Graham leapfrogged McBride as the No. 3 guy and thus got plenty of action as a starter in Vasher's absence. With Graham potentially in the mix at free safety, we view that as a sign that the team believes Vasher is poised to perform well. We're not going to discount the possibility Graham winds up back at corner or perhaps in the mix at nickel with Danieal Manning. Bowman made the kind of noise during the offseason program that Graham made a year ago. He's a rangy performer who needs to prove he can stay on the field. He had a freak biceps injury in the only game he appeared in as a rookie, but battled multiple knee injuries while in school. Sometimes guys are just prone to injury and that might have been one reason the team pulled the trigger on Moore, who was called a value pick for the fourth round. The thing about Moore is you don't see starters his size, not often any way, and he's not 5-9. That makes it difficult to project him as a starter down the road. McBride faces a numbers crunch with Moore on board.
The upside: Tillman might not ever reach Pro Bowl level, but when he's on his game he's probably at the next level of corners in the league, and in that role he's as valuable as any other defender on the field. The upside would be more than 10 interceptions between the two starters, and it would have to include an all-around performance by Manning as the nickel back. That's a tough position that demands a lot and if he can provide a nice combination of tackles, picks and sacks, the secondary could look much different under new position coach Jon Hoke. Nothing will help this group more than a rejuvenated pass rush.
The downside: Vasher is injured or otherwise finds himself on the sideline and neither Graham nor Bowman can step forward and play at a level above being a fill-in. Graham was solid at times last season and certainly got a lot of action as offenses tried to work on him.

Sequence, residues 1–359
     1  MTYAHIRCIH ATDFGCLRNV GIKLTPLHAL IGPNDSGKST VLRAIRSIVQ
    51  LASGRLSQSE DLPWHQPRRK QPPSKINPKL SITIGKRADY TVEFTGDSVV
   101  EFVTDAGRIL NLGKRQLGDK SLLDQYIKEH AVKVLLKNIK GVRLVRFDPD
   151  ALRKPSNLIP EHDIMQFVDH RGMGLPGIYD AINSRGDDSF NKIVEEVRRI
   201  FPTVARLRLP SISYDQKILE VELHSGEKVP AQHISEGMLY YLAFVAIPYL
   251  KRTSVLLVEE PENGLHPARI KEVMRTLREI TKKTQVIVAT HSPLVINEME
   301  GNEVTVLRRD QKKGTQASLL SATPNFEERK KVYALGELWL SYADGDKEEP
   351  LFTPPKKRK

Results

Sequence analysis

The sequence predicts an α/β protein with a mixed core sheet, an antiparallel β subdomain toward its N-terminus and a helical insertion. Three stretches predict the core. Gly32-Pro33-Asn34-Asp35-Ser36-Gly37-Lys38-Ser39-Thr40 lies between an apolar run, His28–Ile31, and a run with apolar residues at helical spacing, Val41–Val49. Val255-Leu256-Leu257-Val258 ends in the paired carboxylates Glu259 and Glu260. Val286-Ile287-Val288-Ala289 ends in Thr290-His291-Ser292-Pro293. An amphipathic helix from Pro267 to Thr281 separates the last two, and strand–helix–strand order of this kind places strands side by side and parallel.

On the hot seat: Vasher. He's got the highest cap number in the secondary and while he's not in jeopardy of being a cap casualty, the Bears are anxious to see a return on their investment. He's been injured for the last two seasons--suffering a groin muscle tear in 2007 and wrist and hand injuries last year--and the good news is they're not expected to create performance issues for him moving forward. He's going to have to return close to an elite level with a base salary of $2.9 million this season and $2.95 million in 2010.
Final thought: The Bears were very fortunate to have a run there for a few seasons where they didn't have to worry about their cornerbacks. Tillman and Vasher formed a solid tandem and were young and cheap. Now, they're experienced and no longer cheap but if they're playing well they come at a fair price. Tillman wasn't interested in making the move to free safety that was talked about so much at the beginning of the offseason, and the Bears would have been making a big error moving their best cornerback to fill a spot that is not as important. Most defensive coaches we know will list a pass rusher as their first choice when building a defense and a cover man as their second choice if they were able to start from scratch and all things were equal.